Food , Lifestyle , Society

The Telegraph: William Sitwell & The Vegan Who Bit Back

What’s surprised me most about being vegan is just how angry it makes some people. I’m continually forced to defend my decision not to eat animal products, and I’m frequently faced with derision or anger if I explain it. 

I know negative reactions towards veganism are to be expected, but I never expected one from the editor of Waitrose Food. I was shocked by the contents and context of William Sitwell’s email, and behind its flippant tone I saw the same hostility I so often see. It was disappointing.

The two days after the story ran were among the most overwhelming of my life – but then William stepped down and all hell broke loose. I didn’t think he would resign, but then who could have foreseen what a story this would become? 

In the days that followed, we were both subjected to online abuse. People hoped that I’d die or catch a disease, or that at the least I’d never appear in print again: I didn’t deserve a career; it was my fault this poor man didn’t have one any more. What was wrong with me, that I couldn’t take a joke? Are all vegans humourless?

These comments – classic Twitter trolling – didn’t upset me, and I was buoyed by messages of support. But I was frustrated with how the media spun the story. Newspapers documented the abuse William got, blaming ‘vegan terrorists’ and implying we’re all combative and militant. That I received the same level of abuse wasn’t relevant.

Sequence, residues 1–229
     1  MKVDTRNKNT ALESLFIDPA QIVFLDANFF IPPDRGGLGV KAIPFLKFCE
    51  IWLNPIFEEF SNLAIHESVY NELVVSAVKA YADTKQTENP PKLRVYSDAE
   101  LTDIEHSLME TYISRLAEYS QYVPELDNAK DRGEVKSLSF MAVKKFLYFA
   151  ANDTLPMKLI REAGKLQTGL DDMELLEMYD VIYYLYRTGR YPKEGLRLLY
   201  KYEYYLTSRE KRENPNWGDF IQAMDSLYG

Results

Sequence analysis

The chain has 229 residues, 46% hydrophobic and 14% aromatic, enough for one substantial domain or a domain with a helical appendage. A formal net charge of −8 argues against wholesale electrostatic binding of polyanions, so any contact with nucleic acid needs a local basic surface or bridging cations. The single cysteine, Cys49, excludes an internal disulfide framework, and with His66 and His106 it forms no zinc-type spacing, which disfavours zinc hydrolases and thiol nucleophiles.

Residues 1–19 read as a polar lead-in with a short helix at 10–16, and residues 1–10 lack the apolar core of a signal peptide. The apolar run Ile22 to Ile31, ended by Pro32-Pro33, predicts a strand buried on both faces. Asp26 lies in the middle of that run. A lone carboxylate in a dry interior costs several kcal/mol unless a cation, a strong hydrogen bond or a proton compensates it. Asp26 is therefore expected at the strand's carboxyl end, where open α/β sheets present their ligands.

People bizarrely began bringing free speech into the equation, and every commentator in the country seemed to have an opinion. (NB: Being able to exercise your right to free speech doesn’t exempt you from the consequences of it.)

Two weeks later, I met William to discuss our experiences. Meeting someone who’d been portrayed as my foe was strange, but I was touched by William’s goodwill. Yet for me, this was never about William; it was about the way society perceives veganism, a way of living that seeks only to avoid cruelty to other living creatures. It’s not ‘extreme’. 

William and I have since debated this, and while he does enjoy vividly describing his favourite meats to me, he’s also said that he ‘can’t argue’ with the moral standpoint of veganism. I appreciated this frank acknowledgement – and obviously,  I wholeheartedly agree.

You can read the full article over on The Telegraph Magazine.

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